As kangaroos are popular, well-known and instantly recognisable species, much controversy and public debate has surrounded their commercial hunting (10) (16), with a key element of the debate being the welfare of pouch and dependent young-at-foot (17) (18). This has led to close attention being given to appropriate kangaroo management, based on scientific research, and, although still controversial, such sustainable use has been suggested as a valuable conservation tool where wildlife and human land-use requirements conflict (10). Alternatively, wildlife tourism has been proposed as a means by which kangaroos can be protected and appreciated alive, and may provide a sustainable, economically viable and less controversial option for the conservation of these iconic species (16) (19).

To find out more about the red kangaroo and its conservation see:

For more information on wildlife tourism and conservation in Australia see: 

Authenticated (27/04/10) by Dr David B. Croft, Senior Lecturer, School of Biological, Earth and Environmental Sciences, University of New South Wales.

  1. IUCN Red List (September, 2009)
  2. Nowak, R.M. (1991) Walker’s Mammals of the World. The Johns Hopkins University Press, Baltimore and London.
  3. Dawson, T.J. (1995) Kangaroos: Biology of the Largest Marsupials. UNSW Press, Sydney.
  4. Cronin, L. (2008) Cronin’s Key Guide Australian Mammals. Allen & Unwin, Sydney.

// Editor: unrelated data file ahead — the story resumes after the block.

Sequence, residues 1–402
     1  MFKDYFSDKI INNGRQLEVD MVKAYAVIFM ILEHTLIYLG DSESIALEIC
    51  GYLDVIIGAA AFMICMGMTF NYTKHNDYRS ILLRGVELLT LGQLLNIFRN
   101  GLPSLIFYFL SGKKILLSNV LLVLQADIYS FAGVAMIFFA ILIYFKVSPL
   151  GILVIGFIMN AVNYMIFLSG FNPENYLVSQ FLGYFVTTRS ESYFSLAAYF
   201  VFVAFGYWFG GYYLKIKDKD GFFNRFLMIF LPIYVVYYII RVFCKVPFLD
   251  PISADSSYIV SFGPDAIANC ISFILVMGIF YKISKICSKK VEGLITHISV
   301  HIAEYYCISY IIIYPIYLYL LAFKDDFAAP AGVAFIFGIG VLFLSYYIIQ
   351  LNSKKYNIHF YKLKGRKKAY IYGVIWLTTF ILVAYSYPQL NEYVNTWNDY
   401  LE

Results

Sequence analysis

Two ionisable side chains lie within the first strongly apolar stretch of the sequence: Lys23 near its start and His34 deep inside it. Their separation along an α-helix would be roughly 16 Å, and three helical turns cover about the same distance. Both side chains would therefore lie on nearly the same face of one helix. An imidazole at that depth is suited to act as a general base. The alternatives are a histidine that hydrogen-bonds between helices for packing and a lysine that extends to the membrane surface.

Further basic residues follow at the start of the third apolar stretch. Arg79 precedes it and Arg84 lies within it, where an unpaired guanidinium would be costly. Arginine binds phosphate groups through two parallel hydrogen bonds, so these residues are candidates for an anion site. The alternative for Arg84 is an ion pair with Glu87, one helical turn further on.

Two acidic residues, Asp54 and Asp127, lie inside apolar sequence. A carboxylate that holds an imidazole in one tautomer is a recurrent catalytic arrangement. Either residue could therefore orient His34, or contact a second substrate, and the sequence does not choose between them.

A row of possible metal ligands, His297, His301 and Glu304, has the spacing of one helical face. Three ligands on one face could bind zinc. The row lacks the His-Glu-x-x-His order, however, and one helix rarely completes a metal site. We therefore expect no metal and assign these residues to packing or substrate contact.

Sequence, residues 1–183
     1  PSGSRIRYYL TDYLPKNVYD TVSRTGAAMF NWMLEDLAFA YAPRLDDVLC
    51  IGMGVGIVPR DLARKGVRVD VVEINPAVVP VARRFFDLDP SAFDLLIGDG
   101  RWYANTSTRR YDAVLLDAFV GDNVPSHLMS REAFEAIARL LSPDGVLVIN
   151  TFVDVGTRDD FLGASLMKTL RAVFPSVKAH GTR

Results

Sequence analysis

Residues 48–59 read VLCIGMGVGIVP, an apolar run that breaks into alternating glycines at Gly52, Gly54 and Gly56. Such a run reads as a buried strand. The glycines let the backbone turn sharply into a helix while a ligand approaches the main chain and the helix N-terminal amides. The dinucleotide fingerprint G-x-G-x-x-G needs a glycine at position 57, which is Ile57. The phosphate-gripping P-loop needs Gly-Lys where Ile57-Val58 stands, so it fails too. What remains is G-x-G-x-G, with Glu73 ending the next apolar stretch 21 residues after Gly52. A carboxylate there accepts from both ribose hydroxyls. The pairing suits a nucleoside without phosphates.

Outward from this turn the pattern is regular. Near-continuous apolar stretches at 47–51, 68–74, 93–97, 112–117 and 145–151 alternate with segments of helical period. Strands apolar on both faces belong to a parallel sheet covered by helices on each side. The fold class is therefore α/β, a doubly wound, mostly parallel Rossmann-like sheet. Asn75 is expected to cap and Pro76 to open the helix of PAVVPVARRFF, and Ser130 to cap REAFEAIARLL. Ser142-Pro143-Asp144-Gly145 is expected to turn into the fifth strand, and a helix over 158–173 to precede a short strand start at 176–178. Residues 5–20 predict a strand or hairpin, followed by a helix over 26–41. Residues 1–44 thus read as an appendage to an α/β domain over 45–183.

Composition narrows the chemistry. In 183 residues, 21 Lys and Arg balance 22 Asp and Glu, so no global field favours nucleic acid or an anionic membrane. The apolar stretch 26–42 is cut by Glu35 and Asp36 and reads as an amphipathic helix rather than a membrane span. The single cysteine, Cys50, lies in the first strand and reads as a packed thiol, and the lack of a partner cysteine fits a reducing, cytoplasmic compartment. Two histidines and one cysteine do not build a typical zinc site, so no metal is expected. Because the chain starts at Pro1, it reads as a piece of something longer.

5. Tyndale-Biscoe, H. (2005) Life of Marsupials. CSIRO Publishing, Collingwood, Victoria.
  6. Macdonald, D.W. (2006) The Encyclopedia of Mammals. Oxford University Press, Oxford.
  7. Department of Environment and Conservation. (2007) Red Kangaroo Management Plan. Department of Environment and Conservation, Western Australia. Available at:,com_docman/Itemid,2219/gid,1220/task,doc_details/
  8. Newsome, A.E. (1965) Reproduction in natural populations of the red kangaroo, Megaleia rufa (Desmarest), in central Australia. Australian Journal of Zoology, 13: 735-759.
  9. Sharman, G.B. and Pilton, P.E. (1962) The life history and reproduction of the red kangaroo (Megaleia rufa). Journal of Zoology, 142: 29-48.
  10. Pople, T. and Grigg, G. (1998) Commercial Harvesting of Kangaroos in Australia. Environment Australia, Canberra. Available at:
  11. Department for Environment and Heritage. (2007) The Kangaroo Conservation and Management Plan for South Australia 2008 - 2012. Department for Environment and Heritage, Adelaide. Available at:
  12. Department of Environment and Conservation. (2007) Management Plant for the Commercial Harvest of Kangaroos in Western Australia 2008 - 2012. Department of Environment and Conservation, Perth. Available at:
  13. Department of Environment and Conservation (NSW). (2006) New South Wales Commercial Kangaroo Harvest Management Plan 2007 - 2011. Department of Environment and Conservation (NSW), Sydney. Available at:
  14. Department of Natural Resources, Environment and the Arts. (2008) Assessment of the Conservation and Management of the Red Kangaroo Macropus rufus and Euro Macropus robustus in the Northern Territory. Department of Natural Resources, Environment and the Arts, Palmerston. Available at:
  15. Department of Resource Management. (2010) Commercial Harvesting of Kangaroos and Wallaroos in Queensland. Department of Resource Management, Brisbane. Available at:
  16. Croft, D.B. (2000) Sustainable use of wildlife in western New South Wales: possibilities and problems. The Rangeland Journal, 22(1): 88-104.
  17. Witte, I. (2005) Kangaroos - Misunderstood and maligned reproductive miracle workers. In: Wilson, M. and Croft, D.B. (Eds.) Kangaroos: Myths and Realities. Australian Wildlife Protection Council, Melbourne.
  18. Croft, D.B. (2004) Kangaroo management: individuals and communities. Australian Mammalogy, 26: 101-108.
  19. Higginbottom, K.B., Northrope, C.L., Croft, D.B., Hill, B. and Fredline, E. (2004) The role of kangaroos in Australian tourism. Australian Mammalogy, 26: 23-31.